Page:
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Social TV can help Facebook avoid becoming the new Yahoo!

Cisco will virtualize multiscreen TV functions

The stats on Facebook usage are jaw-dropping, with over 900 million registered users, over 500 million of whom visit daily. For many of those users, Facebook is the internet. It’s the place they go to connect, to communicate, to share and – increasingly – to spend time consuming content. Much of that content – photos and status updates – is user-generated, but in terms of time spent and revenue generated, the importance of professionally created content, notably social gaming, cannot be overlooked. And by virtue of its scale, Facebook is becoming an important global platform for more traditional media content such as music and video. Yet attempts to charge users for such content have so far failed to gain traction.

Facebook’s attitude to revenue generation has been notably relaxed since its inception, but post-IPO there will necessarily be a much sharper focus on generating revenues, both from advertisers and consumers. The experiment of charging New Zealand Facebook users for highlighting certain types of content will not be the last attempt to make money from loyal users. But the danger here is in alienating those who love Facebook as a free service. Will users stay with Facebook if they have to pay for its services? Charging for something that has historically been free is incredibly difficult to pull off. It makes more sense to focus on increasing revenues from advertisers who on the whole are still reluctant to commit spend to the social network.

There are two further threats to Facebook’s future evolution, though these are also opportunities, too: Consumers spending more time on mobile devices such as smartphones, rather than PCs; and the rise of multi-screen video consumption.

Facebook is still at heart a PC-based proposition, but its users are devoting more time to the mobile devices, so Facebook must shift its centre of gravity to better serve and monetize this trend.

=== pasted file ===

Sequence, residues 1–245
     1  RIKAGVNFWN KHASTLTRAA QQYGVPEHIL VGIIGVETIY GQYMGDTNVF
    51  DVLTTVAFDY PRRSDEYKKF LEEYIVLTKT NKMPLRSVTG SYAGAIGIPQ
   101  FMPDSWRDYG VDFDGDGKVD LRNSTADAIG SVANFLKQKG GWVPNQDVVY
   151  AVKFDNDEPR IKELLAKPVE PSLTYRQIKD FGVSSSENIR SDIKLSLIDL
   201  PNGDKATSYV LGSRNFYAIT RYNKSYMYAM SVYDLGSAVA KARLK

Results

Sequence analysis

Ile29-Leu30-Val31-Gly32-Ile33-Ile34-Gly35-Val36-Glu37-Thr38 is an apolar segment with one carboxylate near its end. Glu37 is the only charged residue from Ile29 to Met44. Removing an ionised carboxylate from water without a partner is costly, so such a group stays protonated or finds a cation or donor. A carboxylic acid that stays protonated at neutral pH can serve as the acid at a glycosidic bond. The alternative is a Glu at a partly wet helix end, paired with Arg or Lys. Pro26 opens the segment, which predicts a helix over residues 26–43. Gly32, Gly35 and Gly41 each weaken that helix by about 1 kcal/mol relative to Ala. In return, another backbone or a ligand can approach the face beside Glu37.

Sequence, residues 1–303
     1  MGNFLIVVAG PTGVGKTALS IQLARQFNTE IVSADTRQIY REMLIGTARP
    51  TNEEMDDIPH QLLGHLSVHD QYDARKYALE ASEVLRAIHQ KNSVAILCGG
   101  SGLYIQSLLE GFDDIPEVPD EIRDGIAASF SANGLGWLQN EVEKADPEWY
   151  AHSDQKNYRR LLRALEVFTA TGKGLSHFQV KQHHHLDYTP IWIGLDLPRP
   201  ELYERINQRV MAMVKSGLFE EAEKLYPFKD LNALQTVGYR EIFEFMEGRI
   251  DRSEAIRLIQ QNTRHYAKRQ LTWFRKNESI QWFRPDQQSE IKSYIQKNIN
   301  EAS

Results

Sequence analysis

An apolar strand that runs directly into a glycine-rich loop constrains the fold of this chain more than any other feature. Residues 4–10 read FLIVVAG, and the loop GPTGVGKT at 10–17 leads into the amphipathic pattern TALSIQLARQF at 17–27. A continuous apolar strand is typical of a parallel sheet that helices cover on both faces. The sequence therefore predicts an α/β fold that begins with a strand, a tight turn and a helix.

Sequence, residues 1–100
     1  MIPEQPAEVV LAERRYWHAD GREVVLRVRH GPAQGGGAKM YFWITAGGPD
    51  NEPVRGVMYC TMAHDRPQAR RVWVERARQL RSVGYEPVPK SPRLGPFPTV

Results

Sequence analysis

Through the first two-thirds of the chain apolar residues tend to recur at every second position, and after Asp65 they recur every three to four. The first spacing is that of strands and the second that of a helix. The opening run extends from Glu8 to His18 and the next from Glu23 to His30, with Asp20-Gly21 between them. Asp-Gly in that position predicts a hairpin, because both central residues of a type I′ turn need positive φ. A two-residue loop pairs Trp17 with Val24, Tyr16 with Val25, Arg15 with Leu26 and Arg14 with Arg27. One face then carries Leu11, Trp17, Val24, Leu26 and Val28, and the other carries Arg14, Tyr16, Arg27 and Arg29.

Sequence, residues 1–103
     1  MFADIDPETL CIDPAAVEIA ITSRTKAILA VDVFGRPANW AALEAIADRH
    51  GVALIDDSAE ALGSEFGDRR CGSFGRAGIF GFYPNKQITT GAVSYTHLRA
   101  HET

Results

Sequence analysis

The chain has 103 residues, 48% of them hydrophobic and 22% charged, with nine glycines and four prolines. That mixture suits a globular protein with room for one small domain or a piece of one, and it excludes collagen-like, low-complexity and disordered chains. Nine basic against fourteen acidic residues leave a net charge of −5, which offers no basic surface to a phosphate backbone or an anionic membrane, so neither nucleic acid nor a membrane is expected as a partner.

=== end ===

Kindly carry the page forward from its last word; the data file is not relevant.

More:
Facebook may yet have a role to play in the evolving TV ecosystem too. Facebook needs more ‘sticky’ content to keep its users glued to the site, and no content is ‘stickier’ than TV. Though it insists on being a virtual utility rather than a content provider, Facebook is nevertheless well placed as a platform for TV experiences, especially with the rise of social TV, where viewers interact on a second screen around content that is shown on the primary TV screen. The exact formula for success in the space has not yet been established. Pre-IPO, Facebook could afford to be relaxed about its role in the evolution of social TV (and the potential rise in ad revenues from those second-screen interactions). Post-IPO, Facebook needs to drive that evolution.

Finally, the fate of Yahoo! casts an unwelcome shadow over Facebook’s IPO. For several years Yahoo was a cool site that couldn’t stop acquiring users, with over 600 million in its heyday. The culture clash between its laid-back founders and shareholders wanting a return on their investment has never truly been resolved. Now, both the company and its users are no longer able to answer the simple question: What is the point of Yahoo!? Facebook can avoid this fate, but it must listen to users and innovate its services to remain relevant and fun. If not, the party will move somewhere else.

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